Network Redundancy must start with your provider

By Art Reisman

Art Reisman CTO

Editor’s note: Art Reisman is the CTO of APconnections. APconnections designs and manufactures the popular NetEqualizer bandwidth shaper.

The chances of being killed by a shark are 1 in 264 million. The chance of being mauled by a bear on your weekend outing in the woods are even less.   Fear is a strange emotion rooted deep within our brains. Despite a rational understanding of risks people are programmed to lose sleep and exhaust their adrenaline supply worrying about events that will never happen.

It is this same lack of rational risk evaluation that makes it possible  for vendors to sell unneeded equipment to otherwise budget conscious businesses.  The current , in vogue,  unwarranted  fears used to move network equipment    are IPv6 preparedness, and  equipment redundancy.

Equipment vendors tend to push customers toward internal redundant hardware solutions , not because they have your best interest in mind ,  if they did, they would first encourage you to get a redundant link to your ISP.

Twenty years of practical hands on experience tells us  that your Internet router’s chance of catastrophic failure is about 1 percent over a three-year period. On the other hand, your internet provider has a 95-percent chance of having a full-day outage during that same three-year period.

If you are truly worried about a connectivity failure into your business, you MUST source two separate paths to the Internet to have any significant reduction in risk. Requiring fail-over on individual pieces of equipment, without first securing complete redundancy in your network from your provider is like putting a band-aid on your finger while pleading from your jugular vein.

Some other useful tips on making your network more reliable include

Do not turn on unneeded bells and whistles on your router and firewall equipment.

Many router and device failures are not absolute. Equipment will get cranky, slow, or belligerent based on human error or system bugs. Although system bugs are rare when these devices are used in the default set-up, it seems turning on bells and whistles is often an irresistible enticement for a tech. The more features you turn on, the less standard your configuration becomes, and all too often the mission of the device is pushed well beyond its original intent. Routers doing billing systems, for example.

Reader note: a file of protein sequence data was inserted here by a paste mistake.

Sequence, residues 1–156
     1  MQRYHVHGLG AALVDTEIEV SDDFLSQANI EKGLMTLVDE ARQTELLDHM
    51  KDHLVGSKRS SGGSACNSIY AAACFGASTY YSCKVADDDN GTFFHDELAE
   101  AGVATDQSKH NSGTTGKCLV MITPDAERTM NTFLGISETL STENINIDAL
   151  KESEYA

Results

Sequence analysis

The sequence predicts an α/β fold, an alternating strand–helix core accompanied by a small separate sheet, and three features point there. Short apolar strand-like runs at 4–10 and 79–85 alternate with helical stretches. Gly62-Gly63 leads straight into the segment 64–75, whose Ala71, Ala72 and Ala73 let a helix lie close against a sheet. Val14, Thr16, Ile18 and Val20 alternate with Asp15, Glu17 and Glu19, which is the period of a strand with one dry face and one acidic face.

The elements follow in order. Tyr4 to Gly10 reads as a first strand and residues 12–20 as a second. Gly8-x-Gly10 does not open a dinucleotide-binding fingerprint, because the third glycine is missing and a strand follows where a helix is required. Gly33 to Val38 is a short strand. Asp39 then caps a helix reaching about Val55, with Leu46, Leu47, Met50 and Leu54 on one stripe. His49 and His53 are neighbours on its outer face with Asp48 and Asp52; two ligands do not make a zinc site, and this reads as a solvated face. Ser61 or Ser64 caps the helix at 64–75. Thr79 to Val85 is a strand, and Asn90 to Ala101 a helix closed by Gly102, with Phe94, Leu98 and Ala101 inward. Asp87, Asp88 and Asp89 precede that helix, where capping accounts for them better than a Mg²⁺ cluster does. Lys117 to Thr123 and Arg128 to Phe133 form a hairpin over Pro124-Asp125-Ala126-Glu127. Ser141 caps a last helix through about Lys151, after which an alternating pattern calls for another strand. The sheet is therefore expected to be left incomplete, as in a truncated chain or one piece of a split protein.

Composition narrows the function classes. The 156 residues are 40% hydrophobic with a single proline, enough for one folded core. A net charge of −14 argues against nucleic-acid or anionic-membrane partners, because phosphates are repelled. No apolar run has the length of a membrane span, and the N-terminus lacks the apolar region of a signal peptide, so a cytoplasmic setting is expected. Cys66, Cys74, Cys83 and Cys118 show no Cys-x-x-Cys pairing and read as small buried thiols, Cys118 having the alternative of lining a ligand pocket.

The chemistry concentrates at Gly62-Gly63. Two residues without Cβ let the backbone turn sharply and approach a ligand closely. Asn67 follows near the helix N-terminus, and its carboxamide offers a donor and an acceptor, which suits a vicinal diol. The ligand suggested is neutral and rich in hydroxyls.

These “soft” failure situations are common, and the fail-over mechanism likely will not kick in, even though the device is sick and not passing traffic as intended. I have witnessed this type of failure first-hand at major customer installations. The failure itself is bad enough, but the real embarrassment comes from having to tell your customer that the fail-over investment they purchased is useless in a real-life situation. Fail-over systems are designed with the idea that the equipment they route around will die and go belly up like a pheasant shot point-blank with a 12-gauge shotgun. In reality, for every “hard” failure, there are 100 system-related lock ups where equipment sputters and chokes but does not completely die.

Start with a high-quality Internet line.

T1 lines, although somewhat expensive, are based on telephone technology that has long been hardened and paid for. While they do cost a bit more than other solutions, they are well-engineered to your doorstep.

Make sure all your devices have good UPS sources and surge protectors.

Consider this when purchasing redundant equipment,  what is the cost of manually moving a wire to bypass a failed piece of equipment?

Look at this option before purchasing redundancy options on single point of failure. We often see customers asking for redundant fail-over embedded in their equipment. This tends to be a strategy of purchasing hardware such as routers, firewalls, bandwidth shapers, and access points that provide a “fail open” (meaning traffic will still pass through the device) should they catastrophically fail. At face value, this seems like a good idea to cover your bases. Most of these devices embed a failover switch internally to their hardware. The cost of this technology can add about $3,000 to the price of the unit.

If equipment is vital to your operation, you’ll need a spare unit on hand in case of failure. If the equipment is optional or used occasionally, then take it out of your network.

Again, these are just some basic tips, and your final Internet redundancy plan will ultimately depend on your specific circumstances. But, these tips and questions should put you on your way to a decision based on facts rather than one based on unnecessary fears and concerns.

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